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Rafael Devers may be changing postseason conversation

Rob Bradford
September 23, 2018 - 6:56 am
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A few days ago it appeared Rafael Devers' postseason existence was going to be of little importance. 

Eduardo Nunez was back from his knee ailment, playing well and locking down the starting third base spot heading into the playoffs. Devers? He was showing flashes, but with always that one step forward, one step back vibe.

Heading into the final week of the regular season the conversation seems to be changing at least a little bit.

Devers has taken advantage of the chance to fill the starting spot at third base after Nunez's hamstring injury, hitting home runs in back-to-back games in Cleveland. The power and production (even at times in the field) has offered a reminder as to what kind of difference a good version of the 21-year-old can make.

"He’s been, since he came back, like I said, he’s been very disciplined," Cora told reporters after his team's 5-4, 11-inning loss to the Indians. "That first at-bat, he chased a breaking ball down in the zone. You could see that he understands that for him to be successful, he has to stay in the zone. He’s doing a good job putting good at-bats. He’s doing it. Actually, right before the home run, he tried to go the other way on a fastball away and it was a foul ball, and he was able to hit the ball out of the ballpark. Then he hit a missile up the middle and those fricking guys in the middle making plays again. But he’s doing good. he’s doing good and we’re very happy with the progress."

The manager added in his postgame comments, "He’s been playing consistently. Obviously Eduardo’s hurt. But he’s been getting a lot of at-bats against lefties, righties. We’re comfortable with him. The more disciplined he is, the better he is. I do feel that he’s been able to slow down the game. there’s no anxiousness. He’s not anxious in the batter’s box. You can see that he’s in control and that’s anxious to see."

What Devers has been doing of late offers a reminder regarding his postseason production of a year ago.

In the two games American League Division Series at Fenway Park Devers collected two hits, a home run and walk in each, including his inside-the-park job in that final inning of the series. It made some believe the performance was a springboard to a seamless 2018. Obviously, that hasn't been the case. Inconsistency at the plate. Hamstring issues. And, of course, those 23 errors.

But could Devers be figuring this whole thing out at just the right time? There are some signs.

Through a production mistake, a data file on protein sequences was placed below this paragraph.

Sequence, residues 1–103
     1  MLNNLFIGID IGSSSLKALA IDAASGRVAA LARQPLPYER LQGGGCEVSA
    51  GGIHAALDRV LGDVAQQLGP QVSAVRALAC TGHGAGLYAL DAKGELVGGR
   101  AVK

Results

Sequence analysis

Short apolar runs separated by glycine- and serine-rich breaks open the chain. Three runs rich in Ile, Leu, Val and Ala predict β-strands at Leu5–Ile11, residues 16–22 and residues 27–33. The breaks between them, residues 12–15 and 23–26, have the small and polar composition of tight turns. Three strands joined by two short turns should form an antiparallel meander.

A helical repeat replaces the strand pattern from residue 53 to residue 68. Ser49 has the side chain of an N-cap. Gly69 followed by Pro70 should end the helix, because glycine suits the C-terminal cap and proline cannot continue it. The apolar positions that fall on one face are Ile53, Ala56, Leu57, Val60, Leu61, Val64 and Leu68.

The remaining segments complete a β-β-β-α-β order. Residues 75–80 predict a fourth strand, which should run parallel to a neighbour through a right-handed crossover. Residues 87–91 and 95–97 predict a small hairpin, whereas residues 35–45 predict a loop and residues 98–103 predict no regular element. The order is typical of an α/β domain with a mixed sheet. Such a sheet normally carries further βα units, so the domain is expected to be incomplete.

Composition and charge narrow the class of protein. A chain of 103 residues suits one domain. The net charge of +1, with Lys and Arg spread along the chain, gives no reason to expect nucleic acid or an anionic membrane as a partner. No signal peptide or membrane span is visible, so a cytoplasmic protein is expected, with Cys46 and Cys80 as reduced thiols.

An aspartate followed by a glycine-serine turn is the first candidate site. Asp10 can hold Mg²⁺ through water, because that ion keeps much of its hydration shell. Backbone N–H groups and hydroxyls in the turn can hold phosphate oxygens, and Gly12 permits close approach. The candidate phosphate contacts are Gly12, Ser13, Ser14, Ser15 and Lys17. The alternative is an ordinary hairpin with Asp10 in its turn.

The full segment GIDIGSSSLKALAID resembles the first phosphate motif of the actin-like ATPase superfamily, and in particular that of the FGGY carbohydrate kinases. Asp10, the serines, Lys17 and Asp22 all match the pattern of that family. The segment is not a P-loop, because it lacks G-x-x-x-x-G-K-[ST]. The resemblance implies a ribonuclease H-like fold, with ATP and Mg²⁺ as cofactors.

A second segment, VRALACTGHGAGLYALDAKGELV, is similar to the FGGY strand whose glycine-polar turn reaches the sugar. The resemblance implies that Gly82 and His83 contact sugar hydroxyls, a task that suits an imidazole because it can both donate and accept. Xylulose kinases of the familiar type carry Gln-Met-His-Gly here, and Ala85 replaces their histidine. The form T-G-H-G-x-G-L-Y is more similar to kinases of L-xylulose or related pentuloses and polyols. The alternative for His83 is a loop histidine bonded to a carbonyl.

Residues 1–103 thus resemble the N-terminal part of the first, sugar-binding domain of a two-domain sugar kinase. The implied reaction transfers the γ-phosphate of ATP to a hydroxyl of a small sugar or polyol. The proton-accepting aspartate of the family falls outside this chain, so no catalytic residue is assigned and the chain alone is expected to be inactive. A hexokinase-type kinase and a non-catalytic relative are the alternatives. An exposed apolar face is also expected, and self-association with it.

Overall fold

"The biggest thing about being in the big leagues is just being consistent," Devers told reporters through translator Daveson Perez. "That’s the main thing that I’ve learned this year is how to be more consistent and the way you do that is by making those adjustments knowing that pitchers are going to throw you the pitches in different spots and it’s on me to make those adjustments so that I can stay consistent.”

He added, "I’ve learned a lot from my teammates, from the coaches around me, just learning that every team is going to treat you differently wherever you go and I guess, I was naïve in thinking before, you just come to the park and you play ball. You realize pretty quickly that teams and pitchers are going to treat you differently everywhere you go. It’s just all a learning process."

Rick Porcello isn't exactly storming into the postseason. The Red Sox starter allowed four runs on eight hits over five innings, marking the sixth straight game he has failed to pitch at least six innings. (The length of this outing was a product of pitch management, with the righty totaling just 84 pitches.)

"He was OK," Cora told reporters. "Five innings, that was what we wanted. It doesn’t look great, obviously. He gave up four. I know he’s not happy about it. But there are bigger things here. His next one is kind of a full go so he can be ready for the playoffs."

"I feel fine," Porcello relayed to reporters. "Whether you throw 180, 190, 200, 210 innings, at this point you've got to find ways to get through it. I don't think anybody is going out there feeling like they did Opening Day. So that's part of pitching. That's part of pitching in the big leagues. It's a long season and you put in the work that you do in the offseason and throughout the course of the year to be prepared to be able to handle this at this point."

Porcello is slated to make his last regular season start Friday against the Yankees.

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